Maybe it’s because of Queen of Shadows. Maybe it’s because I still haven’t managed to enjoy A Court of Thorns and Roses enough to finish reading it. Maybe it’s bad Internet buzz, tainting my own opinions. Whatever the reason, however, I can say one thing for certain. I approach Sarah J. Maas books with caution, even though her hits far outnumber her misses in my eyes. And so, with that caution, I picked up this book. And somehow managed to be surprised by how much I enjoyed it.
Like the other titles in the DC Icons series. Catwoman: Soulstealer focuses on a famed DC comic character in her youth. Unlike the other DC Icons titles, this one does not a character that fits under the name of Soulstealer. Wonder Woman had a Warbringer. Batman had Nightwalkers. Where is the literal Soulstealer?
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I enjoyed this one less than I’ve enjoyed Schwab’s other books, but even Schwab’s weaker book manages to be better than most others.
Weeks after the events of This Savage Song, Kate is no longer on the run, but instead rooted in Prosperity, finding purpose in fighting its monsters. August remains in Verity, fighting the monsters Kate left behind.
Continue reading “Book Review: Our Dark Duet”
What a disappointing book.
Like many tales before it, a farm boy unlike any other is picked from the masses to be the next Chosen One. Spoilers follow in this review…
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I received this book from Netgalley in exchange for an honest review.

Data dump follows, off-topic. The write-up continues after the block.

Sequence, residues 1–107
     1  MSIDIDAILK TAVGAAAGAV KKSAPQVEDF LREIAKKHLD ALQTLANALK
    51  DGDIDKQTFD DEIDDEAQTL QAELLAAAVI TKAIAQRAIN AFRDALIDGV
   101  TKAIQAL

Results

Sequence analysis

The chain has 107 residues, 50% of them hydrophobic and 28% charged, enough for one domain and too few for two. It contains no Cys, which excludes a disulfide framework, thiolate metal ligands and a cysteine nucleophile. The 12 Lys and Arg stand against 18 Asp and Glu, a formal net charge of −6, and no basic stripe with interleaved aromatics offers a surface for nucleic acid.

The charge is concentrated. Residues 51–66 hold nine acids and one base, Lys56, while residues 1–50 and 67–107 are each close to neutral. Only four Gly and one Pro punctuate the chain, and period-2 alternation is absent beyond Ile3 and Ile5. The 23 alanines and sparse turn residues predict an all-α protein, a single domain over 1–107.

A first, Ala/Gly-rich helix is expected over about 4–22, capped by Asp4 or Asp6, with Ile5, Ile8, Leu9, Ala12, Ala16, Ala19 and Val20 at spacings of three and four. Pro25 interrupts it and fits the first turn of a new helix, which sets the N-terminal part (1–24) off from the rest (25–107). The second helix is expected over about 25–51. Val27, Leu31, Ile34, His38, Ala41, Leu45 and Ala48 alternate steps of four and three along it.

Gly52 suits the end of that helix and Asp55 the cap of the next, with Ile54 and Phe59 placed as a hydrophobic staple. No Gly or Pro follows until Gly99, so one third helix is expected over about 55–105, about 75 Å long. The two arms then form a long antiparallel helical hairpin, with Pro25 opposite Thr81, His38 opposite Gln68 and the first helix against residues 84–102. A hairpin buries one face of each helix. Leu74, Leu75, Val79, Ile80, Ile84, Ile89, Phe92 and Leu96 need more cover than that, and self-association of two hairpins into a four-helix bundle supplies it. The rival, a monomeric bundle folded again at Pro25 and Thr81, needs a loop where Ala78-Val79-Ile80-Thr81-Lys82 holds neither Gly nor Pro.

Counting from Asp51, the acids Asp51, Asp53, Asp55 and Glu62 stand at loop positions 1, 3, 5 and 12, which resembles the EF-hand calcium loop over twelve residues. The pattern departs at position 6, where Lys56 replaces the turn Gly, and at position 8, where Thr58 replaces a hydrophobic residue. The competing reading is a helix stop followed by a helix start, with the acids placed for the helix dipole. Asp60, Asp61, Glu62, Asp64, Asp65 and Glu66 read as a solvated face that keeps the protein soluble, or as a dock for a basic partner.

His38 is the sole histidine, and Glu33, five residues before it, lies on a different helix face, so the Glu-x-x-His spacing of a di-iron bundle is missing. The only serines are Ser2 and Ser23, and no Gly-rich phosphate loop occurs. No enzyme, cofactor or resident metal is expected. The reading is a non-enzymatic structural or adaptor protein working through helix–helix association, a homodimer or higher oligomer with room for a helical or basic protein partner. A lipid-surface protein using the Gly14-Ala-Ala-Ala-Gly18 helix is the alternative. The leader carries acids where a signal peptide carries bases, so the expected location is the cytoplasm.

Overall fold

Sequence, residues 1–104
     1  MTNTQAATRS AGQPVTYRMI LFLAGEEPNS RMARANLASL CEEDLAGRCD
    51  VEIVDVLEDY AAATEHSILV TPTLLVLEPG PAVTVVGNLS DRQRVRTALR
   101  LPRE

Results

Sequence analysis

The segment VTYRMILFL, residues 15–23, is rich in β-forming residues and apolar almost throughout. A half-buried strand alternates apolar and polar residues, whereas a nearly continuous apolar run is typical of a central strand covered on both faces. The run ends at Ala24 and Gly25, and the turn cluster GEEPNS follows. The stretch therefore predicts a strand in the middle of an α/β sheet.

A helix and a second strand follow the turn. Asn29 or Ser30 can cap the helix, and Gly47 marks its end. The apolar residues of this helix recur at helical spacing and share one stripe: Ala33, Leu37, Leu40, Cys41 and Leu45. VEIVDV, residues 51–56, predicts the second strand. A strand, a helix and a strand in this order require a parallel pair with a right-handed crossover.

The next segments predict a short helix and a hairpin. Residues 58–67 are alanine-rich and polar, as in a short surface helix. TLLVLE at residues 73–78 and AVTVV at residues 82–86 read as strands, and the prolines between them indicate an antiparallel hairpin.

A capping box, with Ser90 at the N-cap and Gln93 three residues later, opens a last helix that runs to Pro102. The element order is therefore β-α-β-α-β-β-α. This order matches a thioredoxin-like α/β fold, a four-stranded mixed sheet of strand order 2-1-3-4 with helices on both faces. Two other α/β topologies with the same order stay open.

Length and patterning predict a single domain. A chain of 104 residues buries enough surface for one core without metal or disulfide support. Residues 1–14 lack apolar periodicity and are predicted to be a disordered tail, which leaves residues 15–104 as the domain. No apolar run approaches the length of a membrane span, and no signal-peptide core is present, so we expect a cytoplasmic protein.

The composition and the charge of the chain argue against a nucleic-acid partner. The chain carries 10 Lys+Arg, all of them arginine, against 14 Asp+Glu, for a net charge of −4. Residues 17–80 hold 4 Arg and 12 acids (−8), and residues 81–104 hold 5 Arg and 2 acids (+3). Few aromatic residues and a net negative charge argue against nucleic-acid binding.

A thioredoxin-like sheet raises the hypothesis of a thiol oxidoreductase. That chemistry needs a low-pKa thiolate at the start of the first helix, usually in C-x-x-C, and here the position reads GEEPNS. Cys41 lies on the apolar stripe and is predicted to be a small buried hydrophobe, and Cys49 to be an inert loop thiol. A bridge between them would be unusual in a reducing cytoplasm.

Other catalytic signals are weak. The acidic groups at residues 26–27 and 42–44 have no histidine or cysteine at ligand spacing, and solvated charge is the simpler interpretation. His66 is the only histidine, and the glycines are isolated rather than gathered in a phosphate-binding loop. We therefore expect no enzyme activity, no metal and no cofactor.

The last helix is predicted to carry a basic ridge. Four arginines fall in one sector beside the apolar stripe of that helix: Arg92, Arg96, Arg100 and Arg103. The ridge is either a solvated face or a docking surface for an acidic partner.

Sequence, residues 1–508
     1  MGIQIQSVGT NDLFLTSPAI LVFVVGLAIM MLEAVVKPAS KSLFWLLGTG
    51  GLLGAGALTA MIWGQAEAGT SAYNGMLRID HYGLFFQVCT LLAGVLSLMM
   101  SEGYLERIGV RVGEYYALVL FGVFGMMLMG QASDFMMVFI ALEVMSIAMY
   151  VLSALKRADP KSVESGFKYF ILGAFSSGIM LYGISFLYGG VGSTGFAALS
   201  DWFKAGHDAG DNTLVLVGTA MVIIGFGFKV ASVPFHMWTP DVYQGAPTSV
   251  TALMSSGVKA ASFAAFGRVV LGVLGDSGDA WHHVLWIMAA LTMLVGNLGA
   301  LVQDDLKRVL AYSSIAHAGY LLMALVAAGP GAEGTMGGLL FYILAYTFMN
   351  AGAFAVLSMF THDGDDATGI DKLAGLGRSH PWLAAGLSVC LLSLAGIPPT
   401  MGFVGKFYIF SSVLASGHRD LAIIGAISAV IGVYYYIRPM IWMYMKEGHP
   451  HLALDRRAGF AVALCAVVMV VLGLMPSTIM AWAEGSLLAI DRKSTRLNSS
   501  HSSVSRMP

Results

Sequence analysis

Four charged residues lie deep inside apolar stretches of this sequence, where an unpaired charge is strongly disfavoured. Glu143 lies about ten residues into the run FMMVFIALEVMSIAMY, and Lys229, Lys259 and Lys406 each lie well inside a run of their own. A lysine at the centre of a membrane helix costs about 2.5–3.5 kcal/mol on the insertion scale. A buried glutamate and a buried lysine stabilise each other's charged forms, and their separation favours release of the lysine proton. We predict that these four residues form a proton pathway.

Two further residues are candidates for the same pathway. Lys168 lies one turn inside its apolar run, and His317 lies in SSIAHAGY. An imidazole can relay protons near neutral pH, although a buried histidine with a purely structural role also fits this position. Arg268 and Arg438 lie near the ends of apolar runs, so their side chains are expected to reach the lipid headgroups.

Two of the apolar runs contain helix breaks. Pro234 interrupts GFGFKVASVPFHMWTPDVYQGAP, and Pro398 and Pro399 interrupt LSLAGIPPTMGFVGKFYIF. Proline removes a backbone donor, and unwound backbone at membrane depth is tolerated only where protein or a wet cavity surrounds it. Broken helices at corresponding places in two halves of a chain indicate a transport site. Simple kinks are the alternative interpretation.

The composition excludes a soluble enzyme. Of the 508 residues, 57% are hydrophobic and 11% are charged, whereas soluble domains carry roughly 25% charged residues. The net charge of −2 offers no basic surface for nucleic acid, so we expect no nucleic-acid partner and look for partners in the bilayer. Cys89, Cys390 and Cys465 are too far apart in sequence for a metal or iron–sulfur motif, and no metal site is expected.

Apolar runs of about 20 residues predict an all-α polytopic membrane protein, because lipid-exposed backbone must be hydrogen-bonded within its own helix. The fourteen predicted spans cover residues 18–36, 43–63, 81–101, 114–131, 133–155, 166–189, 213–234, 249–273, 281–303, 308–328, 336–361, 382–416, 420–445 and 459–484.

For a book where not much happens, I suppose it was decently interesting.
In a Now/Then narrative format, readers watch as Ellory’s life falls to pieces. Then: Ellory meets Matthias, falls in love, and sees her life change forever. Now: Ellory returns to school, forced to face a painful past.
Continue reading “(Bonus) Book Review: See All the Stars”
On some level it was probably dumb to read two Little Mermaid inspired stories in such close proximity of time. Even so, I didn’t find myself comparing Sea Witch frequently against To Kill a Kingdom. The former is moreso a prequel than a retelling, and though both focus on antiheroes, they are different in tone and execution. Despite the differences–the books can hardly be compared beyond where its inspiration comes from–one of these titles is clearly superior. And it isn’t this one…
Evie has always felt like an outcast in her community, a feeling that only grew after her best friend drowned. When Anna seems to inexplicably reappear in the form of a mermaid-turned-human named Annemette, Evie thinks she might have her chance to fit in, and to make up for losing her friend so many years ago.
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If you’ve read my reviews of Eliza and Her Monsters or This Adventure Ends (and maybe of a few others?), you know I love fandom in my YA contemporaries. It should therefore come as no surprise that Geekerella interested me most for its focus on fandom communities. The only downside to finding these awesome fandom-focused reads is that eventually I’ll probably reach a limit and not find them impressive anymore.